09 August, 2016

Our Shifters go to 11 and Other Minor Updates

by Clint

Dia-Compe 11-speed downtube shifters have landed. Retail is $85. Here they are on the site.

These are so much more than 11-speed downtube shifters. With over 50mm of total cable pull, these shifters will work with just about any derailleur. We've tested them on Shimano 11-speed road and Shimano 10-speed mountain.  Here's what you need to know:
  • Designed for 11-speed, but will work with fewer speeds;
  • Better option for 10-speed drivetrains than our other Dia-compe levers;
  • Non-indexed, micro ratchet design;
  • Right barrel is larger than the left for more cable pull;
  • Not compatible with bar end or "thumbie" mounts because of the oversized barrel.
For nerdy eyes only:
To calculate the amount of total cable pull your drivetrain requires use the following formula
total cable pull = cable pull of intended shifter * (s - 1) 
Where s is the number of speeds of your cassette. If the total is less than 50mm, these shifters should work.

More about these on my previous post; I'm still running this setup on my Passhunter.

They're compatible with all sorts of derailleurs and they look pretty spiffy with a pair of these.

In other news, the Cigne stems are due in soon, hopefully within the next month. We're thinking these will be $80 retail. As for the Polyvalent 4, we're still pretty far out and waiting on first prototypes. The time scale will depend on how these turn out and what we want to change.


Anonymous said...

Guys, $85!!!!! Sorry but I'll stay with my current 8 & 9 speed set up....

Neil E. Hodges said...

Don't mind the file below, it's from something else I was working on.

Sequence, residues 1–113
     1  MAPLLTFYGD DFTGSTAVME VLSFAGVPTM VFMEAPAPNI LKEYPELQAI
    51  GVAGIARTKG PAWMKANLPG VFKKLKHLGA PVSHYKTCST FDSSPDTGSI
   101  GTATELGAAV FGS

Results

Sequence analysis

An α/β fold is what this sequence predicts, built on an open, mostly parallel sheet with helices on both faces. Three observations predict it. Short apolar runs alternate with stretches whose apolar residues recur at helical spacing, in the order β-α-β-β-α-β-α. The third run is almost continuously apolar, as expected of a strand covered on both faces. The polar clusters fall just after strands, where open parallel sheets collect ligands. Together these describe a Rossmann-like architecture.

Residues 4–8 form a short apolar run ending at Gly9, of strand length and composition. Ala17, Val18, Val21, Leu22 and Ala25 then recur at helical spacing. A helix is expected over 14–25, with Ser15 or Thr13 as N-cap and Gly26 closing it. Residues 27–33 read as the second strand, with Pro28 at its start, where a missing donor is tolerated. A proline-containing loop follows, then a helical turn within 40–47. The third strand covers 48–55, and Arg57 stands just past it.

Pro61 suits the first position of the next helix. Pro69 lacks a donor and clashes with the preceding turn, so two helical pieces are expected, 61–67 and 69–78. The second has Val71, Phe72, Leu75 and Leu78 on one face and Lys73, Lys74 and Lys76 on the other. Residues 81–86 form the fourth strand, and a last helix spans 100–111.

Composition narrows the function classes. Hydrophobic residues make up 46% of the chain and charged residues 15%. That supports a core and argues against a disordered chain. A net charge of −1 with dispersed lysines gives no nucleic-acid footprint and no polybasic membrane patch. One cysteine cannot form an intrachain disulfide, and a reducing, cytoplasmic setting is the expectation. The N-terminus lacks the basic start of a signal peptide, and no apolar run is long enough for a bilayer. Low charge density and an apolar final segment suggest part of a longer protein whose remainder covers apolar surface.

You'll spend a lot more money upgrading everything else to 11-speed than you'll spend on these shifters.

Rod Bruckdorfer said...

I will stay with 9-speed until I have exhausted all parts options. The challenge with 10-speed and 11-speed cassette is the gears are close together, which means changing gears requires very little cable movement, i.e. small shifter movements.

Unknown said...

I've never ridden 10+ gears with friction shifters, but with the cogs all packed together as Rod Bruckdorfer points out, is it actually *easier* to shift? I mean if you pick a random lever position you are more likely to be near a sweet spot than with well-spaced-out cogs, no? Picking the actual cog you want would be more challenging, but I imagine there would be less trimming & adjustment with 10+.

Anonymous said...

Friction shifting with a 10 speed is basically impossible to mess up, minor touches yield quick and precise shifts, as with any friction shifting, you get a feel for the shifter position as they relate to gears as you ride and gain experience with the particular combo

RoadieRyan said...

these go to Eleven https://www.youtube.com/watch?v=4xgx4k83zzc

Anonymous said...

I Just mounted the right side lever last night and honestly I can understand why you have a front and read lever, but I am not running a front derailleur so the left one is kind of wasted. It would be nice to save a couple bucks and only buy the right lever!
Also, I hope you are working on some options for Handlebar/Stem Mounting!? I can use the downtube shifter boss of my Atlantis for the time being, but long term I think mounting on the stem would be ideal.

I will report back once I actually get the chance to do some shifting, but right now I am waiting for my Cassette to show up! - Mas